Loreto Sister Aithien Nguyen ibvm has spent the last six years missioned to Gariuai, Timor-Leste, where she was the Director of Loreto Centro, a pre-primary school and community centre focused on educating the children of Gari-uai. Sr Aithien is now missioned to Vietnam as the new Executive Director of Loreto Vietnam. Here, Sr Aithien reflects on her time in Timor-Leste and her role to come.
I was introduced to Mary Ward in Ho Chi Minh City in 2003 by Sr Ha Thi Lee ibvm, Sr Margaret C. Honner ibvm and Sr Margaret Callaghan ibvm. I was attracted to the story of Mary Ward, St. Ignatius’s spirituality, the new ways of religious life and the Loreto vision of bettering education for women and children
I was taught and continue to be inspired by the Loreto Sisters – their patience and wisdom, rich experiences and loving generosity, great vision, and endless enthusiasm to encourage and empower people to provide and receive a better education.
My family was the first to motivate me to do the work I do today. My family was not wealthy; I remember my father said to us, his ten children, “We don’t have a lot of money to give you, but we can try to support your studying because if you want a brighter future, good education will provide a way.”
I found a passion for teaching and working with children, having spent much of my initial formation volunteering in schools. This passion led me to pursue a Bachelor of Arts in Primary Teaching, going on to teach at a charity Primary School in Ho Chi Minh City for three years.
In early 2016, after undertaking a course in Pastoral Leadership and Management for Mission, I was appointed as the Director of Centro Loreto, a school founded by the Australian Loreto Sisters in Gariuai, a remote town in Baucau, Timor-Leste. In this role, I was inspired to promote brighter futures through education for the locals of Gariuai Village.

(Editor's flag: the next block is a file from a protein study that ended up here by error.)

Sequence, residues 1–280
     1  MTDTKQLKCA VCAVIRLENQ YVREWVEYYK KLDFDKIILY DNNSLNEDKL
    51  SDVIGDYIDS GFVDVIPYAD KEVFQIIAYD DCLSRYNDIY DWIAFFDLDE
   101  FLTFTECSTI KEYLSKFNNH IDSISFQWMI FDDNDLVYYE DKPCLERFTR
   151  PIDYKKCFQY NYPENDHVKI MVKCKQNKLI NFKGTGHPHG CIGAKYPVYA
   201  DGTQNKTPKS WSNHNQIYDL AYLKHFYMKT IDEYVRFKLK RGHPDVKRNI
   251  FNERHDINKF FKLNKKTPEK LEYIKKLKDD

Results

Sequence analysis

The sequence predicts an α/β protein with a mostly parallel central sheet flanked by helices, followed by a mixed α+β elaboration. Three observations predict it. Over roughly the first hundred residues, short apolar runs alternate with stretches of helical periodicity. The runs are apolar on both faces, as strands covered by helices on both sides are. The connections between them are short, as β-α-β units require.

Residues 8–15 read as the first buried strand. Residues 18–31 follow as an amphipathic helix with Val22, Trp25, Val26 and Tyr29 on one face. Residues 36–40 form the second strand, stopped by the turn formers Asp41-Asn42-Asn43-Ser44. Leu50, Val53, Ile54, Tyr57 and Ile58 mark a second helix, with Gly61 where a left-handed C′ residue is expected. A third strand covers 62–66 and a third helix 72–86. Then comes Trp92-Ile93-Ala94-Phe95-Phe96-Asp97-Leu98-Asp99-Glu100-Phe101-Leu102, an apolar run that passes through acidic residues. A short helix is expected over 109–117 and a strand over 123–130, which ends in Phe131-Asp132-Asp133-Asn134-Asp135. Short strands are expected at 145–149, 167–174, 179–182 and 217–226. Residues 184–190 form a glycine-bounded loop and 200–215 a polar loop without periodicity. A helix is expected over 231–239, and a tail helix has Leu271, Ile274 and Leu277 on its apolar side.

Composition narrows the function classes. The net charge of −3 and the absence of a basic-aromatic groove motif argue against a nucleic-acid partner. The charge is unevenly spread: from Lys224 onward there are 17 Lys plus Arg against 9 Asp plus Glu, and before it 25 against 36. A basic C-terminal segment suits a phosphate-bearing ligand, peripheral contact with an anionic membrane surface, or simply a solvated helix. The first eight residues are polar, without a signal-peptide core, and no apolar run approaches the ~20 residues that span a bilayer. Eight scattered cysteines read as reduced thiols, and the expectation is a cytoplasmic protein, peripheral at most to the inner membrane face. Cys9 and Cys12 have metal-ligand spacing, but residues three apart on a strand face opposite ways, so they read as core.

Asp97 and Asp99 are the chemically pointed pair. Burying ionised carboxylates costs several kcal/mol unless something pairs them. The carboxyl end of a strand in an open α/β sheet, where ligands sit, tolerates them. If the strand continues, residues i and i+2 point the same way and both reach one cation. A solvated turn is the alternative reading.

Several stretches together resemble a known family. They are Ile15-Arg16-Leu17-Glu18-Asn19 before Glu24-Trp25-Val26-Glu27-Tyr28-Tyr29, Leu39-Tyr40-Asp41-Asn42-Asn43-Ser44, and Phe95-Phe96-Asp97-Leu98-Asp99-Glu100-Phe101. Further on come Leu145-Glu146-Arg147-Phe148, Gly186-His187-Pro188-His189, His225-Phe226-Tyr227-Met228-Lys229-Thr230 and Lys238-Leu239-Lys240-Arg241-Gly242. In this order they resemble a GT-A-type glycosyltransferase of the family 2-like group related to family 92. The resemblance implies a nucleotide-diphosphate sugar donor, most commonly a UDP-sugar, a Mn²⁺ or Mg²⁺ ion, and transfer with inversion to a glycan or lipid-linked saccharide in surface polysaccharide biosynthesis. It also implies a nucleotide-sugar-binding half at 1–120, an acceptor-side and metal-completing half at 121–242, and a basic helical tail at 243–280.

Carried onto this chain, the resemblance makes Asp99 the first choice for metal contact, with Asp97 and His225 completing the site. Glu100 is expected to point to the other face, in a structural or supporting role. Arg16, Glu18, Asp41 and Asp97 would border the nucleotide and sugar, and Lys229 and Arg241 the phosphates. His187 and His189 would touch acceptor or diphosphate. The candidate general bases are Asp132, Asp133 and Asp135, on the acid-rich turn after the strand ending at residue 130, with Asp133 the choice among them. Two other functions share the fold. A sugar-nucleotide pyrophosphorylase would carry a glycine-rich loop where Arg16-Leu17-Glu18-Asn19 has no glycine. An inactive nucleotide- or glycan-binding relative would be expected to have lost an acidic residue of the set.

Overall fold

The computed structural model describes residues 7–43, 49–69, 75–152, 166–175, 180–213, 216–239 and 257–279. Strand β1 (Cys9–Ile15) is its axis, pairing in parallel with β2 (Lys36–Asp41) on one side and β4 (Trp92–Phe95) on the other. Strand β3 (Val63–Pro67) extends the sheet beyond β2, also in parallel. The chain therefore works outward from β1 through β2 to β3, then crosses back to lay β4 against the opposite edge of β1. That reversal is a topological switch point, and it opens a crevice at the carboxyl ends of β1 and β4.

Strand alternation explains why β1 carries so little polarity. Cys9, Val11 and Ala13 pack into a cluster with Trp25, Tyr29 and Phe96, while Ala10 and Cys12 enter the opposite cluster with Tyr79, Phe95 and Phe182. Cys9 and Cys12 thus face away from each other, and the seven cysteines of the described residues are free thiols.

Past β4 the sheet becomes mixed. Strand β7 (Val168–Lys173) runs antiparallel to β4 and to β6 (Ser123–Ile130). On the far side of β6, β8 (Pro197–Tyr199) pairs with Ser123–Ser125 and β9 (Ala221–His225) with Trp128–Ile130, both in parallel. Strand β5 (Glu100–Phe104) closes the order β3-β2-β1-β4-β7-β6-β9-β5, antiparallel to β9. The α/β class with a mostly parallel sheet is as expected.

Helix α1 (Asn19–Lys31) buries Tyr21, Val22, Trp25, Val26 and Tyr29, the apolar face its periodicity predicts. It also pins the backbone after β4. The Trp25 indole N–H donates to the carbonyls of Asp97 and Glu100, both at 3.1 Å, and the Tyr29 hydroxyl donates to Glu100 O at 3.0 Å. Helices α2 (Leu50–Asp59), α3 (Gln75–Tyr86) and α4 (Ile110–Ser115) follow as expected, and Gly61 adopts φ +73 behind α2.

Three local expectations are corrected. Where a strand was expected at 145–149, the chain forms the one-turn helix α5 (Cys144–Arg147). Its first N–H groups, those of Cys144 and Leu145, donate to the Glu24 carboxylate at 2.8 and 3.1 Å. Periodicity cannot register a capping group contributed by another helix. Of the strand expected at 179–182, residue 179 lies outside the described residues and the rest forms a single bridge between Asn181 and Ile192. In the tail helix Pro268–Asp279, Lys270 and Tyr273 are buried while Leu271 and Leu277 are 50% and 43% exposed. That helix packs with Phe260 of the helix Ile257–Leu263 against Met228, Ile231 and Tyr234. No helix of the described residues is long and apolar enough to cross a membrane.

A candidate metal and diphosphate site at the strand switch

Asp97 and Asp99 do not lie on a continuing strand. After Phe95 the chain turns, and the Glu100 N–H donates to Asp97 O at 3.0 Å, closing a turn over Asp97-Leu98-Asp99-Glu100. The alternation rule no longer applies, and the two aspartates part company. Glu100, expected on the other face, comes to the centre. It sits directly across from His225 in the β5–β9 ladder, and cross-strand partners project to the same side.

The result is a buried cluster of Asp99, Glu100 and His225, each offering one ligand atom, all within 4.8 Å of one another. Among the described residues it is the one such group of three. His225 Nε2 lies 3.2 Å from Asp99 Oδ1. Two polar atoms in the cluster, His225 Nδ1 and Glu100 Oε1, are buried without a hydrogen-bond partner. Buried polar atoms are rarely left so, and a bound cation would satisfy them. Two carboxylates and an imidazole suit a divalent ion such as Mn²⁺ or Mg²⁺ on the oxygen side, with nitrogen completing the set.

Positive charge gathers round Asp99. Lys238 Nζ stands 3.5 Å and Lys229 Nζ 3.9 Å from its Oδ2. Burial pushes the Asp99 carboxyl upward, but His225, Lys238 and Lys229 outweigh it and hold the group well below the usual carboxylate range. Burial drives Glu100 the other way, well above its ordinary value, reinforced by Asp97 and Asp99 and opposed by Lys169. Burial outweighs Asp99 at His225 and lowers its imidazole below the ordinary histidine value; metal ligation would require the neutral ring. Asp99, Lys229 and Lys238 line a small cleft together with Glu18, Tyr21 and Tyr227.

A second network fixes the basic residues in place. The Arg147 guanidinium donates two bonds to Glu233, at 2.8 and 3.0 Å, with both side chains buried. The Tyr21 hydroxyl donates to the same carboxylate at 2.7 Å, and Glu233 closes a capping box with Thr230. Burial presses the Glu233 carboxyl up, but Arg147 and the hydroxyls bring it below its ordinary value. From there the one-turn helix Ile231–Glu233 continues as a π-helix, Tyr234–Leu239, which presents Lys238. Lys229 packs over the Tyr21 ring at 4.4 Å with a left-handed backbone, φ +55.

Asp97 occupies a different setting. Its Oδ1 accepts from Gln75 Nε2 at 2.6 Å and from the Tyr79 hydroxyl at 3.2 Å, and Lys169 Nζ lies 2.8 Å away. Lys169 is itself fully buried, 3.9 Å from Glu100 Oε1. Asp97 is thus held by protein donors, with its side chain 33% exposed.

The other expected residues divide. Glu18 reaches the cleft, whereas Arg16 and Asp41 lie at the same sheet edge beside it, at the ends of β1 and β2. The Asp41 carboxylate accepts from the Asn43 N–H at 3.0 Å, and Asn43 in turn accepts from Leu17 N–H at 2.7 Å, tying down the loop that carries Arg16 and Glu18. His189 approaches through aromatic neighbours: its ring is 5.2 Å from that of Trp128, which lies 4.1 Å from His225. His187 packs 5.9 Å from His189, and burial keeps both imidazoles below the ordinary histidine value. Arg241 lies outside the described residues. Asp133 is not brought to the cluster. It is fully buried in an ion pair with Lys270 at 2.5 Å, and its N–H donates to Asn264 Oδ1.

The role of Director of Centro Loreto was challenging. I encountered many new experiences and responsibilities and learnt countless new skills. Being Vietnamese, working with Timorese people and mainly using equipment and teaching methods from Australia was particularly challenging. However, I enjoyed my time with the teachers and staff, especially with the children and their families.
Reflecting on my time in Gariuai, I note some key takeaways:
Be patient: Life in Gariuai was very slow. When working with local people, I learned to be patient with them. People were hesitant to try new things, so I often had to show them how to do things repeatedly. Many times, I succeeded, and many times I didn’t.
Be friendly and helpful: The local people were usually afraid of talking with Sisters and Priests. Without friendship, I could not have begun to know their beauty, strength, and their stories of hardship. I would not have been able to assist them with their needs and learn how to talk, teach, and work with them.
Be open: To learn their languages, culture, and ways of life. Being open to accepting the differences between us and seeing the variety of skills and gifts among people, allowed both the local people and me to find ways to help each other develop.
Be skilled: To ensure everyone was safe and trained in our Centro Loreto, I had to be ready for whatever might happen. I acted as a director, teacher, maintainer, cleaner, gardener, accountant, advisor, consultant, and Sister.
Despite the cultures and situations in Vietnam and Timor-Leste being very different, my time in Gariuai taught me to be ready to ask for help, face new challenges and be ready to learn new things. I will take this approach into my next role as Executive Director of Loreto Vietnam.
I hope to continue the legacy of those who have supported Loreto Vietnam for the last 25 years; mainly Sr Trish Franklin ibvm, former Executive Directors, Loreto Vietnam staff, members of the board and the many generous donors who have empowered the mission for education with a clear focus on “lifting learners into the future”. I hope Loreto Vietnam can continue to nourish its goal of “Education for Change” and reach further sustainable actions for many more children, families, and communities in Vietnam.
I hope Loreto Vietnam will continue receiving loving and caring support, as it always has, and I hope I can offer my strengths, abilities, and energy to walk with Loreto Vietnam on this journey, as a Loreto sister and as a Vietnamese citizen.